An important part of the Tropical Coastal Ecology course here in Panama is learning the scientific names of marine organisms. Knowing the names allows students to identify organisms and conduct marine biodiversity, coral bleaching, and coral disease assessments. Here in Bocas del Toro, there are many increasing threats to ocean species via human impacts such as climate change, pollution, and overfishing. These threats are the reason it is important for our students to be able to assess the current state of the marine ecosystem and to use that data to prevent further damage. We are lucky here in Panama to have the ocean as our backyard to practice identifying different species and applying the learned information
The process to help the students learn the names is a three-tiered process. The first step is when I introduce the species, describing their features and scientific names. And while we are in the water, students look for those species.
The second part is snorkeling, which SFS students and I enjoy the most. Snorkels are a great part of the curriculum allowing students to see, interact, and learn about marine organisms in the ocean. I remember Lili’s Cove and our invertebrate snorkel trip as being particularly great. During the snorkel we were able to identify many species required in class, along with many others. Taku and Ellie were showing me some beautiful Colpophyllia natans when we saw a Pseudoceros pardalis (leopard flatworm). Then Erin called me over to identify an eel she had seen earlier. As we scoured the Siderastrea siderea looking for the eel we came upon an octopus hiding in the reef. It was a great experience for everyone to have the opportunity to observe an octopus in the ocean. They are very exciting creatures, because they can rapidly change their colors. Ashley found a Sepioteuthis sepioidea (Caribbean reef squid) swimming through the water. Her scientific description is as follows: “The S. sepioidea located near the boulder-edge of the snorkeling site was an opaque color, which is a common reaction to the approach of large, non-aggressive fish (such as a snorkeler), though they can also eject ink to distract predators if provoked (Ritter, 2000).”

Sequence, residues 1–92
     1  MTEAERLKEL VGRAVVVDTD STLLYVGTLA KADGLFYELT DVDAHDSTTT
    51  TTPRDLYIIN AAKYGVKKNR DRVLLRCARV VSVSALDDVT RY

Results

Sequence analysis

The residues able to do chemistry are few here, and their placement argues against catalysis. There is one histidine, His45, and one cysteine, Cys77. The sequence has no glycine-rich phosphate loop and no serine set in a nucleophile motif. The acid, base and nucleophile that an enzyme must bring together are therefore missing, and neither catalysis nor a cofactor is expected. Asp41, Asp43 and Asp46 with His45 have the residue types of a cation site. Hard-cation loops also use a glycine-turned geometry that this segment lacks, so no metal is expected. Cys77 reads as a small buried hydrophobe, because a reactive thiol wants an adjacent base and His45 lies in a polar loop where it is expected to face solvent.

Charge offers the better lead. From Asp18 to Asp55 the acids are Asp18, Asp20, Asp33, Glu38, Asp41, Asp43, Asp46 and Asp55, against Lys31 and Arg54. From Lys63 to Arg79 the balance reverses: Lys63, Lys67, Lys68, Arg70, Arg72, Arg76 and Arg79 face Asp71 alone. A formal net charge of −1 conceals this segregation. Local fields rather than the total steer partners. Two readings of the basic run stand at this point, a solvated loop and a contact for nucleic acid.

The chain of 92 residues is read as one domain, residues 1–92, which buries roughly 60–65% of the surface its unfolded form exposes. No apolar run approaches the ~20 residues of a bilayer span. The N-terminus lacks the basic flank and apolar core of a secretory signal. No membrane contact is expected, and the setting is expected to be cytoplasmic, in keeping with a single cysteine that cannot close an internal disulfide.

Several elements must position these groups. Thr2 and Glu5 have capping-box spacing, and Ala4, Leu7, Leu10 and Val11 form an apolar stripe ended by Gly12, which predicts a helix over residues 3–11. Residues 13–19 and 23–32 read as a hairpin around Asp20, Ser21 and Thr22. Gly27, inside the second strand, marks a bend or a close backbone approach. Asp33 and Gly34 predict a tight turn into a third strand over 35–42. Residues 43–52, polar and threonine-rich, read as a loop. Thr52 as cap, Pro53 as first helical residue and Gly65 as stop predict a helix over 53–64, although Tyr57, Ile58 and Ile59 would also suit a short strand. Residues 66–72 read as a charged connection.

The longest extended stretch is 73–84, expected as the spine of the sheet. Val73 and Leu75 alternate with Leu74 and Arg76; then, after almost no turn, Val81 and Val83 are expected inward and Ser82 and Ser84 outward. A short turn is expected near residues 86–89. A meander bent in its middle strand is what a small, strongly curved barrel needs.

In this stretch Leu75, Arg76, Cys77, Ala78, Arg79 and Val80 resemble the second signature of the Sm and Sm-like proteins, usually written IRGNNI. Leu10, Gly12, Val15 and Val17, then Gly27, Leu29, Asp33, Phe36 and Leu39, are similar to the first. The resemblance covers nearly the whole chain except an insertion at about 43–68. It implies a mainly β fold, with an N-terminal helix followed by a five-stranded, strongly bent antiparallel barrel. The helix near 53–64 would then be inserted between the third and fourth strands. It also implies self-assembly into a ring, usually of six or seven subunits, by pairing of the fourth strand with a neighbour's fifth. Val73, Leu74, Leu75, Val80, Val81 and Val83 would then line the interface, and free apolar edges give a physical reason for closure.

Dr. Aileen Maldonado pointing out the leopard worm to student Jack Murren. Photo by Emily Frank.
The final part of the process occurs when the students return with their dive slates full of notes and their cameras loaded with pictures. Students write a reflection about what they observed and in detail, describe two species they encountered, allowing students to practice writing clear observations of the natural environment. The students are then reminded of the species we identified in the field by a presentation given by their peers describing the species and their ecological roles in the environment.
Holacanthus ciliaris (Queen angelfish). Photo by Dr. Aileen Maldonado.
The goal of this three-tiered process is for the students to understand the biology, ecological role, important functions, and the identifiable features of all 76 species. Thus far, the students have conducted several biological diversity assessments which they will use for their case study understanding algal blooms in Bocas del Toro. They completed an infectious coral disease assessment, which will be used to understand the spread of coral disease in the Bastimentos Marine Protected Area.
My happiest moments as a professor come from hearing the students calling my name during a snorkel and yelling “Aileen, Aileen, I just saw an Acanthostracion polygonia swimming through the water!”